Tubs: A Safe Haven for Graffiti

Posted on October 19, 2012, 1:08 pm
3 mins

Rumors have been circulating throughout the University District about the fate of the legal graffiti locale Tubs—generally that it is doomed to demolition. But are they just that? Rumors born from a uniquely collegiate community? Tubs provides a canvas for local street artists and for those wishing to try their hand at a bit of vandalism in a legally sanctioned space for it, but some residents and business owners see the constantly changing appearance and thick layers of spray paint as an eyesore.

A graffiti piece on the north wall of Tubs in the University District, Seattle.

In other parts of Seattle, one can observe graffiti as a means of defining territory or space by taggers, but spaces like Tubs provide a venue for graffiti as art and support the practice and commitment necessary for street artists to advance their skills. The terms graffiti artist, street artist, and tagger are often used interchangeably but they are not, in fact, synonymous. Carter Asmann, a California-born, Pacific Northwest-based artist explains that street artists “are usually more concerned with each piece making a specific statement. While in graffiti, the act of doing so is the statement.”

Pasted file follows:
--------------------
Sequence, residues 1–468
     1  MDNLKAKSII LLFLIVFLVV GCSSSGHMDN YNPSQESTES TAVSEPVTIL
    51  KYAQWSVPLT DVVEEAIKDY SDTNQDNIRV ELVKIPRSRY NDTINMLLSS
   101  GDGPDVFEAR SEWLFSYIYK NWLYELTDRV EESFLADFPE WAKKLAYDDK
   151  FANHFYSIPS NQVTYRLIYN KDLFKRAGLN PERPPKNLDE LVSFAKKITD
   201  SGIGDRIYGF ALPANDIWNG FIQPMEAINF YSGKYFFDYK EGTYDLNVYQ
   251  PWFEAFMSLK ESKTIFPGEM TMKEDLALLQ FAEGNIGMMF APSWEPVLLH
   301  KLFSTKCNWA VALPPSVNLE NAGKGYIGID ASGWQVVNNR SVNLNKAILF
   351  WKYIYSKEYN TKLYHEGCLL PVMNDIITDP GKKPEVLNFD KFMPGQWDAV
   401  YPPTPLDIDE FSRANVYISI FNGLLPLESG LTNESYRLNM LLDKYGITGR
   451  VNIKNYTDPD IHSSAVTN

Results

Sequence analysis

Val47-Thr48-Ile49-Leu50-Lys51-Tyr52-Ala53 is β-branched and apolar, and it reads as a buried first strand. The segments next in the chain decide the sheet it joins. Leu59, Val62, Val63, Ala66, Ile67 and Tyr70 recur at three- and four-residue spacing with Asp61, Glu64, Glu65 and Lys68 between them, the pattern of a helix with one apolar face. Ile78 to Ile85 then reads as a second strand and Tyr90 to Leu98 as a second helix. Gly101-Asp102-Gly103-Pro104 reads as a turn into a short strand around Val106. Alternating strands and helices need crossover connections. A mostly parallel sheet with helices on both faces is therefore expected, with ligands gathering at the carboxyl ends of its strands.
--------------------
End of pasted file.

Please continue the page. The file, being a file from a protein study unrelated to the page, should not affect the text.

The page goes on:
Regardless of the definitions behind the terms, these artists provide viewers with accessible—and original—art during a usually monotonous commute. Graffiti and street art break down traditional barriers and allow viewers to interact with the artworks. Many have heard of the perhaps inappropriate or unglamorous past of Tubs, but it now acts as a venue for the freedom of community expression and creativity.

Street art from the North Wall of Tubs.

Asmann states, “Graffiti and street art are raw forms of expression. Expression that the artist is so passionate about that he or she risks a lot (legally) to express. You have to at least respect the passion right?”

While the concept of Tubs is not unique, its execution as a graffiti-safe zone marks it as something truly special within Seattle’s urban culture. Next time you drive beneath that graffiti-covered over pass, try to admire the beauty, instead of cursing its existence.

Claire Reiner is a writer, artist and recent graduate from the University of Washington’s School of Art with a major in Art History. She is interested in recent art movements and subcultures (1950s, 60s, 70s) and how they have shaped present perceptions and practices of art. She grew up in Southern California and moved to Seattle in 2010. She is quite influenced by the unique geography of both places and enjoys hiking and exploring the Pacific Northwest. Reiner covers visual art exhibits in Seattle and seeks to contribute to a profound and positive artistic community, as well as encourage people to come out and experience art moments for themselves. Reiner is also the Executive Assistant for VanguardSeattle and handles any press related needs.

One Response to: Tubs: A Safe Haven for Graffiti

  1. C Anderson

    October 23rd, 2012

    Thanks for the article, but who was the photographer on this assignment? Looks like they shot the shittiest material possible. There’s some good stuff at Tubs.